Skip to main content

Content warning: suicidal thoughts, stigma, discrimination, gender dysphoria

To celebrate Trans Day of Visibility, a member of our team shares their experiences, and reflects on why it’s important for a mental health charity to promote visibility and acceptance of all gender identities.

“So, it is Trans Visibility Day – although the truth for most trans people I know (and certainly for myself) is that we don’t necessarily want to be visible. The issues we face? Absolutely. The need for healthcare reform? Definitely. The importance of awareness and inclusion? Without doubt. But visibility is the last thing I personally want most of the time. Not for being trans or non-binary anyway.

I was at a conference recently where I heard that most trans people report high levels of anxiety daily related to being trans. I can absolutely relate to this. There is a constant worry that people will look at me and instantly know I am trans. Or worse, look at me and think I am the biological sex I was born as rather than the gender I truly am. This is when visibility is the last thing I want. See me as a man or don’t see me at all…please.

So why is it important for Leeds Mind to recognise Trans Visibility Day? For me, the answer is simple: transgender and non-binary people in the UK are some of the most vulnerable groups to mental health difficulties, suicidal thoughts, stigma, and discrimination.

At the same conference, I learned that 84% of trans people have experienced suicidal thoughts in their life. This is compared to the often-quoted stat that 1 in 5 (20%)of the broader population will experience suicidal thoughts in their lifetime. While this data isn’t segregated by gender identity, this comparison likely indicates a massive disparity in suicidal ideation when comparing against our cisgender (anyone born into the biological sex that matches their gender identity) counterparts. 84%. I repeat, 84%.

When I first heard this, I was floored…until I realised that I am one of the 84%. When I was experiencing these thoughts, I wouldn’t have known it was anything to do with being transgender. However, in hindsight, I can see that my gender identity was at the root of nearly all my difficulties with my mental health over the years. For me, being transgender and knowing my truth is no longer the cause of my difficulties. Recognising that I am transgender has probably been the single most affirming thing I have been able to do for myself, and as a whole, I am hugely better off in this knowledge. However, the effect that being transgender has on my mental health is no longer so much about my internal battles, feeling disconnected from myself, or feeling out of place and at odds with the world. No, now my difficulties come from what being transgender exposes me to in society as a whole. This affects me more than my diagnosis of gender dysphoria does (I am not saying this comes without its own huge array of issues, but that is for another time!).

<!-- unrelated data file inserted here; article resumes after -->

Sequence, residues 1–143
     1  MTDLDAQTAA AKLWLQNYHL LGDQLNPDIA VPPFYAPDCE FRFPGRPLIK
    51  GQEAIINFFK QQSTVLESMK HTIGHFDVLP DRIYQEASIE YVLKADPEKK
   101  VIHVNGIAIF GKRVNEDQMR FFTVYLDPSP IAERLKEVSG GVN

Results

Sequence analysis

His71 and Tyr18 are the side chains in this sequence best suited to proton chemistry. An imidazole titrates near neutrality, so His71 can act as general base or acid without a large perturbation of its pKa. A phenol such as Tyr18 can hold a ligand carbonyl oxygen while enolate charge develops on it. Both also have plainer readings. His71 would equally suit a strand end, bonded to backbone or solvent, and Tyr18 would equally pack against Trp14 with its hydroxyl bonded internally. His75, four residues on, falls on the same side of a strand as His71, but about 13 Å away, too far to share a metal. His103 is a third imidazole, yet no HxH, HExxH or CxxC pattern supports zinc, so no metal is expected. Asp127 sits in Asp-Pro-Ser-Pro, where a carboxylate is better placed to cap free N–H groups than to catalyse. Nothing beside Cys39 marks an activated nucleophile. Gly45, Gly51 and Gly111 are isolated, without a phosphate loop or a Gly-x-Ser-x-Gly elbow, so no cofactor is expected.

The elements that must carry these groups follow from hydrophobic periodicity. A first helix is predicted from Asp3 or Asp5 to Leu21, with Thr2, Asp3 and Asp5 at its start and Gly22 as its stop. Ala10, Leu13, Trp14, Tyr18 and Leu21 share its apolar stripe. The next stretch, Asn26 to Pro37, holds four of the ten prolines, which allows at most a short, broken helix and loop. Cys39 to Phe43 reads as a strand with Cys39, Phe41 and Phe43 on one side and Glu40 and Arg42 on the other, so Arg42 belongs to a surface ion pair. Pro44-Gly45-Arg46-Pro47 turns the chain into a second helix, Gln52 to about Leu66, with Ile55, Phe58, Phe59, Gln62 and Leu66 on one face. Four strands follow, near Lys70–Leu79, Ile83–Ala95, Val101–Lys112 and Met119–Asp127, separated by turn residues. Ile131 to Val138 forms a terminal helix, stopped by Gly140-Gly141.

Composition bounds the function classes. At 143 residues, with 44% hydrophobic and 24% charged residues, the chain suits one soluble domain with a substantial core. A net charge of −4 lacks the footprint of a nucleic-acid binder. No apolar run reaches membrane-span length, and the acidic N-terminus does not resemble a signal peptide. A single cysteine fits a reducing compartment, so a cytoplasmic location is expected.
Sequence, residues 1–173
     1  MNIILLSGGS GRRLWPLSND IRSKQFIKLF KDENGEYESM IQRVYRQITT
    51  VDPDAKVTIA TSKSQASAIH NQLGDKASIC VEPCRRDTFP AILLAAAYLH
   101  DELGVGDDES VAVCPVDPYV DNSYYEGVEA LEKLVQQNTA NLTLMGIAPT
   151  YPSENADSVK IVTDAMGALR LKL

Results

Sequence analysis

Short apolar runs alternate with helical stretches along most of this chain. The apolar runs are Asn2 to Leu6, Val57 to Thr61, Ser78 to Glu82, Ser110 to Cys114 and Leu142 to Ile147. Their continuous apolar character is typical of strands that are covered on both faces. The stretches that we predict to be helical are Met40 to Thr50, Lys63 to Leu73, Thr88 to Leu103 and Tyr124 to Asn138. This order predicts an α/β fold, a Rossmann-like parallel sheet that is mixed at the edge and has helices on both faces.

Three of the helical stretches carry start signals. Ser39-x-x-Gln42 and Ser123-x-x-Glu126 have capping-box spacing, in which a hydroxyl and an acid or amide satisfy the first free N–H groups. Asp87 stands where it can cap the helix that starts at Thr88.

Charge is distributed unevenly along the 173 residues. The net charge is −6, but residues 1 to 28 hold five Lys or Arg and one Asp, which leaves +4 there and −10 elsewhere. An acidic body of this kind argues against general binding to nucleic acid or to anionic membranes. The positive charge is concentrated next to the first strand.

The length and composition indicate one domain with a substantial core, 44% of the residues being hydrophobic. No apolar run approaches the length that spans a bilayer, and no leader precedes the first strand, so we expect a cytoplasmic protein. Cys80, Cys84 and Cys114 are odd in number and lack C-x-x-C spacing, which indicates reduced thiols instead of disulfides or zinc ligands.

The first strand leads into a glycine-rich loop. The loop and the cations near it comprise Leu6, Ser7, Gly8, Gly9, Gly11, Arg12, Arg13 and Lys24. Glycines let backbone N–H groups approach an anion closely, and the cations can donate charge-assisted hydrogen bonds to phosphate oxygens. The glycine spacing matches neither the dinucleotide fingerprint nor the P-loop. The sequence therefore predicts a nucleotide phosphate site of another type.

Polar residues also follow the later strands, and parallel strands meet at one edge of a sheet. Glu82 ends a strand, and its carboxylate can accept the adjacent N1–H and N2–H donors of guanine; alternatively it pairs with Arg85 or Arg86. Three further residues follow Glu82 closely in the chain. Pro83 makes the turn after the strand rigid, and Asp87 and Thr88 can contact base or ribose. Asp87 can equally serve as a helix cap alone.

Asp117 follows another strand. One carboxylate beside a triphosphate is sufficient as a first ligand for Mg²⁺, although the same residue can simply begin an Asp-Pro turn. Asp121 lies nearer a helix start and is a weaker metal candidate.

It has been stated recently that the UK is the worst place in Europe to be trans due to the amount of discrimination and negative attitudes that are not only faced by us but are somehow socially accepted (particularly on social media). A staggering 99% of trans people have experienced online discrimination.

But what about the day-to-day? Unless it affects you, you may not realise just how much gender comes into every single conversation you have. I could be having a great day at work with those who know and respect my gender identity, but then a trip out at lunch where a shop assistant says “that order is for the lady in the green coat” can wound me to my core. Most of the time I expect misgendering to happen and am armed for it, but it is when I am most confident and least prepared that comments like this, or an accidental wrong pronoun, can honestly make me feel like I want the entire ground to swallow me up. All ounces of confidence, positivity and bounce are taken away from me in a syllable or two from a stranger. It is at times like this that visibility is the last thing on earth I need or want, and invisibility is everything I desire.

To be clear though, I am proud to be transgender and I am proud of my transgender peers. It is not an easy path to walk. So, on this trans visibility day, please don’t notice us for being trans, or highlight our transness. To truly celebrate trans visibility, celebrate us as the gender that we are. I personally would ask for nothing else.”

Massive thank you to our team member for their contribution to the blog. If you would like to share your thoughts or experiences around the topic of mental health and wellbeing, please contact stories@leedsmind.org.uk

Leave a Reply